Italy’s Architects Show the Way
ROME – Italians architects continue to be world leaders in design. Renzo Piano, 77, is the creator of no less than 21 projects for museums all over the world; only the most recent is his redesign for the once stodgy Harvard Art Museum in Boston.
Now Stefano Boeri, 58, has just won the $62,000 International Highrise Award for his “Bosco Verticale” (Vertical Woodland) twin high rise towers of 111 and 78 floors ((100 M and 80 M) respectively in Milan.
That building was portrayed by the Economist as the “manifesto for a new kind of museum, a thumb in the eye to those who believe that art must be quarantined from the unwashed masses.”
Even as a senator, he has retained some of those populist impulses, the Economist points out; and although President Giorgio Napolitano made Piano a lifetime senator, he still gives a modest description of himself as a “geometra genovese” (Genoese geometrician).
Some of those populist impulses predominate his ideas for the future of Italy. “When I was made a senator I thought that the sole contribution I could make would be to continue to do my regular job even in the Senate and put myself at the disposal of the collectivity,” he wrote in an article published Nov. 26 in La Repubblica daily.
My language, said Piano, is architecture, and being an architect is in effect a political job; the word itself comes from polis, which means city in ancient Greek. “So what I was seeking as a lifetime senator was a long-term project.”
This led to his decision to focus on the problems of the transformation of the Italian city into a metropolis whose new, neglected suburbs – la periferia, as the Italians call them – have in recent decades become home to the vast majority of Italians.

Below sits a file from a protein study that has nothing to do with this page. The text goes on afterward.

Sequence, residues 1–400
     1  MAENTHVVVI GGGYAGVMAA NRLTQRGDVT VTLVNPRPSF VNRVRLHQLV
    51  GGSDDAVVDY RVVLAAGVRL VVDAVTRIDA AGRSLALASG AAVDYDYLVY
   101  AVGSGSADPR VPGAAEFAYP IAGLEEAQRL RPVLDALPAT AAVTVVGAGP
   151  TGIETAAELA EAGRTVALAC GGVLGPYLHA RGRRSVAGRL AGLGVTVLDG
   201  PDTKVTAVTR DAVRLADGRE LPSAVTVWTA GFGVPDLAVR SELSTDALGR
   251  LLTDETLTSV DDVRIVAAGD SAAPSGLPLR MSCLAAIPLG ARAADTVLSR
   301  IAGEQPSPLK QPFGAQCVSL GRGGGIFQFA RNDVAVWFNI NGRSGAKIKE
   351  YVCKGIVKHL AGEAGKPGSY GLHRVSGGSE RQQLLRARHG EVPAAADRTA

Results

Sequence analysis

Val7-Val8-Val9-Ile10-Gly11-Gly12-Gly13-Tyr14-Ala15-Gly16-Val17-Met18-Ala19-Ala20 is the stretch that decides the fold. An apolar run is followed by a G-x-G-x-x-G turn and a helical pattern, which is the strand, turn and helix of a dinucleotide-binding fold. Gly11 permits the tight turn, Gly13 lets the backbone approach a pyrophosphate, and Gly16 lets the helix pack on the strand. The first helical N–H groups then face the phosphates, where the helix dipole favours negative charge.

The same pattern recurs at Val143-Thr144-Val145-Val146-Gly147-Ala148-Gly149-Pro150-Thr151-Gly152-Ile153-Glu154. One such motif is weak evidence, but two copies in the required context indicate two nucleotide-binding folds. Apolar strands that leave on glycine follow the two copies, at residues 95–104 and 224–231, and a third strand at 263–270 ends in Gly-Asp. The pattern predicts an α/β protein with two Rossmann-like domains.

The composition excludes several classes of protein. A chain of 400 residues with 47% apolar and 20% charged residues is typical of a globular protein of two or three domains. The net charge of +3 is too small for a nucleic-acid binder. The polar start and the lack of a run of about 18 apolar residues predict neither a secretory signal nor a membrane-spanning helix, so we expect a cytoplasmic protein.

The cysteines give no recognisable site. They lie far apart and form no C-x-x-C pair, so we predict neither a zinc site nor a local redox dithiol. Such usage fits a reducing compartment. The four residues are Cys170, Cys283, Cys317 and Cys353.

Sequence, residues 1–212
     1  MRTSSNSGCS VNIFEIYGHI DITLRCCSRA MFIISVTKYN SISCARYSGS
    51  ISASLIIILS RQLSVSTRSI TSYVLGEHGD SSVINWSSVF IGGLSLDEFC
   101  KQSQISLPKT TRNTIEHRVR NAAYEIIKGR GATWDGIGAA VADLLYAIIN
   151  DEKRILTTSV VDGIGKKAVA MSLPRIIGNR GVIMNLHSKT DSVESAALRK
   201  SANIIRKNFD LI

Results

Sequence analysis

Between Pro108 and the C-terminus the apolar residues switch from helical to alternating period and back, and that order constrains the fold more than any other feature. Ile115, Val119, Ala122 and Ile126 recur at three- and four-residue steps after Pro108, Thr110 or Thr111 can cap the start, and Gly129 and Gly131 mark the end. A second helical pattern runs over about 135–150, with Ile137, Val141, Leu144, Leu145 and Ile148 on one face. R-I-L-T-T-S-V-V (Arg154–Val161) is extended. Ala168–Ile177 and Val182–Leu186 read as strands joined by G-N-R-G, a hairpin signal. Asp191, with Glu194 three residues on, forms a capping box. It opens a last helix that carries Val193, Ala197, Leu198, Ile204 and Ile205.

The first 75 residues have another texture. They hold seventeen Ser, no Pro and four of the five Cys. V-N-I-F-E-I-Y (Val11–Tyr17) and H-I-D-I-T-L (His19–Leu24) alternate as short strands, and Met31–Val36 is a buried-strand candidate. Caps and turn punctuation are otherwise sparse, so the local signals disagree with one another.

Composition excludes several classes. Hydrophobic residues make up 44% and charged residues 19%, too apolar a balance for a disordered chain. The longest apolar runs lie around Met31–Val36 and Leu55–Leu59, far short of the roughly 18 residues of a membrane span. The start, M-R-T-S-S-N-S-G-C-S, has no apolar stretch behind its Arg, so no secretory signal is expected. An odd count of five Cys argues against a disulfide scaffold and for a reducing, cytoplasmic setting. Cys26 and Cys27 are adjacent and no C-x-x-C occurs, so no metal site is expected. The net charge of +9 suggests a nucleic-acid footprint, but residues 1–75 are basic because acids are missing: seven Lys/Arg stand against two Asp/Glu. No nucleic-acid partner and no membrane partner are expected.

This country’s agglomeration of vibrant, strikingly differing city-states, from Venice to Bolzano to Siracusa and Spoleto, have been and remain the country’s wealth in terms of urban architecture, art, food, music, university life and other cultural forms, not to mention as tourist attractions. But today only 10% of the Italian population lives in these historical town centers, and the majority of the others, in suburbs, “with which we associate the word ‘degradation,’” says Piano. “And yet, if not exactly photogenic, these are the cities of the future – the ones we bequeath to our children.”
In recent months Piano, 78, has been putting forward his ideas on this in public appearances and in articles in specialized journals as well as in the popular media (see: www.renzopianog124.com). Last year he also turned his senatorial stipend over to six young architects, charged with studying how these boonie suburbs can be improved.
“We are an extraordinary and very beautiful country, but at the same time very fragile,” he says. “Both the landscape and cities are fragile, as are in particular le periferie, where no one has the time and money for their maintenance.” But these are the cities of the future, “where human energy is concentrated.” A green belt is also needed, he maintains.
And why not a vertical green belt? This was Boeri’s contribution to the Milanese landscape for the Isola quarter in Milan. On the balconies of the two skyscrapers Boeri designed there, as part of the Porta Nuova urban renewal project, are hundreds of plants on terraces. Boeri’s winning design outshone even the likes of Rem Koolhaas, with whom Boeri and others coauthored the book Mutations, published in 2000. The congratulations came from both President Napolitano and Milan Mayor Giuliano Pisapia, who said with obvious pleasure that Milan itself was also being awarded.
Boeri was born in Milan and teaches at the Milan Polytechnic. He is also a visiting professor at Harvard University, and at university institutes in Moscow, Rotterdam, Lausanne and Mendrisio. Like Piano, he is interested in urban renewal with projects regarding port cities like Genoa, Naples and Trieste, in Italy and in Marseilles and Doha. For Sardinia he rebuilt an abandoned military complex. His prize-winning Bosco Verticale for Milan is described as a “biodiversity residential complex” and was completed this year.
And there are other world-class architects in today’s Italy. Massimiliano Fuksas is one – an “archstar,” according to the daily Corriere della Sera. For Rome’s EUR suburb, built in the days of Mussolini, he designed “La Nuvola” congress center, which until recently had suffered from a shortage of funding, now resolved. The inauguration is slated for the opening of Expo 2015 in Milan.